These young people develop a hate for the older generations especially their mothers for their lack of responsibility (Dyson 175). This is represented by the misogyny that is popular in black hip-hop culture. In this sense, the author presents some of the cultures and beliefs that are held by the black community as the ones holding them back and not the racial attitudes that exist in America. The author does not discredit the African American assertion that racism exists he suggests that the community also plays a role in advancing some of these stereotypes and that they can sometimes be hypocritical.
Coates speaks against the hypocrisy of the American nation which advertises its democracy and superior human rights while at home it knowingly turns a blind eye to the glaring racial injustices and inequality that exist within the system (Coates 8). This author uses the outward image of equality that America cultivates to advance its diplomatic agenda against it by proving that the American culture is not what it seems to be. He argues that it is this self-aggrandizing behavior that has led to the continued perpetuation of racial injustices in the country with no end in sight.
Coates also explains why members of the black community act aggressive, loud, and rude. According to him, African Americans act that way to fill in the vacuum of power and security that is present due to the marginalization they feel from mainstream American society (Coates 22). He also argues that America was made from violent uprisings and the glorification of peaceful black revolutionary leaders while vilifying the militaristic leaders was hypocritical (Coates 32).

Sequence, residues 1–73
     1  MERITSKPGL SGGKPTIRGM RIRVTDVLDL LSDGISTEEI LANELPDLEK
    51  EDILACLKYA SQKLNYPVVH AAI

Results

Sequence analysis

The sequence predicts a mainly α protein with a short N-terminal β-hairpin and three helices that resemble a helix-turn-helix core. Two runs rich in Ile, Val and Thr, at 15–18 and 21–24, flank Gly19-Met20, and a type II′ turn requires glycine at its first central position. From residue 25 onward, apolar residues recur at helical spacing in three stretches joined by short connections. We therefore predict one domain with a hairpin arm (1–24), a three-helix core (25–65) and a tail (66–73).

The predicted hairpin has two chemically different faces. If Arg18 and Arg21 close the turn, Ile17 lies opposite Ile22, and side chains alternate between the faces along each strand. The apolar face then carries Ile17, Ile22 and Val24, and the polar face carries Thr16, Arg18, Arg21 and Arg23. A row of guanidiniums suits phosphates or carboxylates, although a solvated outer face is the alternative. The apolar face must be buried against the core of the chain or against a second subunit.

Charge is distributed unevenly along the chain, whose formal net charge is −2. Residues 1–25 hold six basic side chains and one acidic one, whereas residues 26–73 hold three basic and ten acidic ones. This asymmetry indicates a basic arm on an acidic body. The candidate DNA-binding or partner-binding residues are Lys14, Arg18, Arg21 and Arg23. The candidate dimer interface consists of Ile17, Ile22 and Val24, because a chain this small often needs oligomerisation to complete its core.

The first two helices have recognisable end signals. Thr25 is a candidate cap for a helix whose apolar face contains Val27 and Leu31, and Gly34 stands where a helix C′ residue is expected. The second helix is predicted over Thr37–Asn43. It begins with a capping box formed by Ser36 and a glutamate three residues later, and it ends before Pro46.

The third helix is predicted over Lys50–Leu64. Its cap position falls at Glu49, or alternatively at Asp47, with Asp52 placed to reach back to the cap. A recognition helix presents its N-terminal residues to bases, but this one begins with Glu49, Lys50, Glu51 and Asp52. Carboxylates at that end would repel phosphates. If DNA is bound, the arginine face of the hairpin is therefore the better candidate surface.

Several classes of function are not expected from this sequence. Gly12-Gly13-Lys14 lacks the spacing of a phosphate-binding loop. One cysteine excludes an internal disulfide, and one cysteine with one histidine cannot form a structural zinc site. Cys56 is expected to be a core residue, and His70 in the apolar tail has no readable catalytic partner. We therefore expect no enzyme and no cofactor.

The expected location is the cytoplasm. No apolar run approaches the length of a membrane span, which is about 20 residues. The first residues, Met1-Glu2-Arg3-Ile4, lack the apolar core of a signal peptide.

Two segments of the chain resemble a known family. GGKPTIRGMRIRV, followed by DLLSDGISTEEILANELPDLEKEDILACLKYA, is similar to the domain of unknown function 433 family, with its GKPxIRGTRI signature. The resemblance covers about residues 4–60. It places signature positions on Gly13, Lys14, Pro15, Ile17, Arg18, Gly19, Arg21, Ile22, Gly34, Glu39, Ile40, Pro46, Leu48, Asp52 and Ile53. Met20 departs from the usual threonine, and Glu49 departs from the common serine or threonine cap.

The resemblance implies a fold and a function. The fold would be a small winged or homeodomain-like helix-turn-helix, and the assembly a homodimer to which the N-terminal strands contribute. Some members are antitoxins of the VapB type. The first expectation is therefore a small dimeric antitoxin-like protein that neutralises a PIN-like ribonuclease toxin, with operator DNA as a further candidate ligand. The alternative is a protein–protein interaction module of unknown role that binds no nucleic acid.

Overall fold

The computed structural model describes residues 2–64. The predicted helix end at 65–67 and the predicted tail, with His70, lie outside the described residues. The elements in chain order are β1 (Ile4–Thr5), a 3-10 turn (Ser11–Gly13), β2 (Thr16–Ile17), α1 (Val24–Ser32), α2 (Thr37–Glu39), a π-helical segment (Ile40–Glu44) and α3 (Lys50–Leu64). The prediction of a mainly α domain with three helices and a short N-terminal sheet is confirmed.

The author argues that even if African Americans adhere to the law and avoid the negative mindsets of associated with their community, they will still face racism just citing the case of Prince Jones as an example (Coates 77). Coates demonstrates that for African Americans, attaining the American dream is not possible since the system is rigged against them and the few that make it turn their backs on the communities that they come from. He uses the analogy of human bodies to explain how he fears his son may grow up and realize that his black body is held to a lower standard than that of whites who do not have to fear any discrimination on account of their race (Coates 152). Coates, therefore, educates and warns his son to expect to be maltreated by the society in which he will grow up in.
Both Dyson and Coates have presented the black race as having equal dignity as that of other races. However, this is not so in the current American society where African Americans endure systemic injustices in the hands of their white counterparts. Coates insists that the hypocritical attitude adopted by what can be considered as the mainstream society is what perpetuates the devaluing of the black body. According to him, society looks on as the African Americans endure systemic injustices. Dyson, on the other hand, argues that African Americans also contribute to these stereotypes adopted by the society at large. Some of these actions include the devaluing of parental figures in the society occasioning rampant drug use and immorality associated with black communities. Though the two authors differ on the causes, they, however, both agree that racism is part of American culture.
Dyson, Michael Eric. Holler If You Hear Me (2006). Civitas Books, 2006. Pp
Coates, Ta-Nehisi. Between the world and me. Text publishing, 2015. Pp 21-231